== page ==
One of Canada’s “big three” dairies, Saputo, recalls milk due to possible contamination with cleaning solution

CFIA image of recalled product via CTV news. Click image to go to the CTV story.

CTV, Global News, Yahoo and Canadian Press are reporting that Saputo dairy has recalled a type of milk product sold in both Ontario and Quebec because it may have been contaminated with a cleaning agent. Apparently you can be too clean.

Yahoo reports that “Milk containing this cleaning solution may not look or smell spoiled, but drinking it may cause symptoms such as nausea, upset stomach or vomiting.”

The product being recalled is Neilson Trutaste 2% in four litre bags. Apparently the CFIA (Canadian Food Inspection Agency) says there has been one reported reaction to the product.

More on Global News.


Filed under News

4 responses to “One of Canada’s “big three” dairies, Saputo, recalls milk due to possible contamination with cleaning solution

  1. Bill Anderson

    Good sanitation and CIP is always important… but it sounds like this was due to the inevitable mistake made in large-scale industrial processing.

    It also makes a good case for switching to natural sanitizers such as Hydrogen Peroxide or Peroxyacetic acid, which break down into water and oxygen (and vinegar in the latter) when they contact milk. Chlorine, Phosphoric acid, and sulfuric acid should be used as little as possible, IMO!!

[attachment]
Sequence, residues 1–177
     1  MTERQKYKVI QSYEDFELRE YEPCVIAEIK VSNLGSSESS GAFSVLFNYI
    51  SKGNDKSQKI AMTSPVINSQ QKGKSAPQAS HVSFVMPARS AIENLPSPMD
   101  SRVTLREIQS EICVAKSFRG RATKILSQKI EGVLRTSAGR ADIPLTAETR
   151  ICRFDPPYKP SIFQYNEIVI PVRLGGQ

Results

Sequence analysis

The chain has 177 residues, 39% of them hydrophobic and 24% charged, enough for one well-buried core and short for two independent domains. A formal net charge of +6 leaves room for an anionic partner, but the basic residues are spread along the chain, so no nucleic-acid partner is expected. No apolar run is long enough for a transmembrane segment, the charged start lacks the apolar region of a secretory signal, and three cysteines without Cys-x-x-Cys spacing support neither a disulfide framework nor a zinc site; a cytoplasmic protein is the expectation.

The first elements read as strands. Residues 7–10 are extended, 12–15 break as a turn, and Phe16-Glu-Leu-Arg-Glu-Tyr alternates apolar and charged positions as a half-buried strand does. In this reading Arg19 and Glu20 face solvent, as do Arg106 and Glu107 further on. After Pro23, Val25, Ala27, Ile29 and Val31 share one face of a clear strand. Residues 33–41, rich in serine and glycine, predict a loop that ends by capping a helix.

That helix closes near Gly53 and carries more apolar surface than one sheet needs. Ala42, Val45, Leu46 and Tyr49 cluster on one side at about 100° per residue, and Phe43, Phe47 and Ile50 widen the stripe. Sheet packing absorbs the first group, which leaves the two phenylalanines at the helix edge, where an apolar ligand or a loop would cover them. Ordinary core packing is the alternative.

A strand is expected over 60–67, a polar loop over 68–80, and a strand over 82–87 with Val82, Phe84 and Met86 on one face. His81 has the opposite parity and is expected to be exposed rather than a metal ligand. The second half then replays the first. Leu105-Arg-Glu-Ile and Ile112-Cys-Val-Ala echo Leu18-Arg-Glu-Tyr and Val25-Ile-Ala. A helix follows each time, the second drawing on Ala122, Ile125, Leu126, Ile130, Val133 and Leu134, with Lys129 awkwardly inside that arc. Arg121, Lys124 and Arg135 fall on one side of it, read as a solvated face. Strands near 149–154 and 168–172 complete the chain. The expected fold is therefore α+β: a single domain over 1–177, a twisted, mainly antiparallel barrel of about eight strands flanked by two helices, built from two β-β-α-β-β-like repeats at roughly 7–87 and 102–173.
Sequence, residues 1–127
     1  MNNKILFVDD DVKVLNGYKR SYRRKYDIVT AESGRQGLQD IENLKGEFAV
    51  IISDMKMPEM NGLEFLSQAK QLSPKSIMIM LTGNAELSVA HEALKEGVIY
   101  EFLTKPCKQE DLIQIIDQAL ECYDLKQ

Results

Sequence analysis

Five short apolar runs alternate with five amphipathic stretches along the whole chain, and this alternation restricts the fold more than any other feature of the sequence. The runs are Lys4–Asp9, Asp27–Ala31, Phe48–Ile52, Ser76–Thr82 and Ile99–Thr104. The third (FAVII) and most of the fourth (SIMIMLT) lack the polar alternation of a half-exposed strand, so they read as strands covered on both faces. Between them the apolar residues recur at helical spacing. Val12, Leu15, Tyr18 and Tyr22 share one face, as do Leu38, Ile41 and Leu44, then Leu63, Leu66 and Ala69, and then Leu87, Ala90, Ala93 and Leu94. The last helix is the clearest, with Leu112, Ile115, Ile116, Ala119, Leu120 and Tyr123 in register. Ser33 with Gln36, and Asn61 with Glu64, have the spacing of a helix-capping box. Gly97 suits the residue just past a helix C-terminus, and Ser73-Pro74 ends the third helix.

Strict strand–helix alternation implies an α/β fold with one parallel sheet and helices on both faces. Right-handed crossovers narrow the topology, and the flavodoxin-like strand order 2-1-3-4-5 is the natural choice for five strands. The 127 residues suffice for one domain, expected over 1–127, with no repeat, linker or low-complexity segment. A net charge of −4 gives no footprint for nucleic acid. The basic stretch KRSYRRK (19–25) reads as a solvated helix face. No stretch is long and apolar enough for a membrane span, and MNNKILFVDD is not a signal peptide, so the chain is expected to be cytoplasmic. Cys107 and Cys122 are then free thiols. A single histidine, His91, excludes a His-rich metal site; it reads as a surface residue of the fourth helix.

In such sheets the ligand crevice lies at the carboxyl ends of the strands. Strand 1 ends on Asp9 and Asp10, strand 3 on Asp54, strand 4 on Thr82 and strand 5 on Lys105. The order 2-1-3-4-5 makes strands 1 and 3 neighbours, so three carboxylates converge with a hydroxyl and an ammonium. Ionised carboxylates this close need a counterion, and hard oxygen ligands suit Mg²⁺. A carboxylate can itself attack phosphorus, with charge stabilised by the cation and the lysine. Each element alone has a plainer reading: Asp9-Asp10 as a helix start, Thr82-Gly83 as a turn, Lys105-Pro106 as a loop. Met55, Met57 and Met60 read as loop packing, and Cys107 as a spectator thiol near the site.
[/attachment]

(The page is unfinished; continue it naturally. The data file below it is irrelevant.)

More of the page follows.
2. BC Food Security

    Bill :
    What do you think about Iodine on the cow’s teats and/or for other sanitation ? I understand this is Mark Mcafee’s of OPD’s preferred method ?

    2. Chlorine Dioxide has been used in some published studies to mitigate mastitis and Andreas Ludwig Kalcker of Spain has also conducted a study on 800 cows last year using CDS (Chlorine Dioxide Solution ) injections both preventatively and to mitigate various illnesses. If proven to work it would be an incredibly low cost alternative to pharmaceuticals and vaccinations and without the side effects of contamination of the milk .

  3. aed939

    Interesting. Reminds me of the contamination case where school milk cartons were filled with cleaning solution instead of milk.

    Also interesting–what kind of “milk product” is that? I have never heard of microfiltered milk–is that an alternative to pasteurization? And how do you open and pour it out of a plastic bag? I see they have a picture of a traditional milk bottle so as to assure the customer that this novel packaging is nothing to worry about.

    • 72Cfor16sec

      aed939 You are correct. As I understand it, milk is separated into cream and skim. The skim is passed through a microfilter that retains very small particles, including bacteria. The cream would clog these filters, so it is heat-pasteurized separately. The skim and cream are then blended back together to give the desired fat%. Improves shelf life and taste(?) over conventional pasteurization.
      We have special tall milk jugs. Insert milk bag, snip off the corner and pour. It’s a clever system. it uses little plastic, is easily mechanized for filling, saves shipping weight and avoids wash-water.

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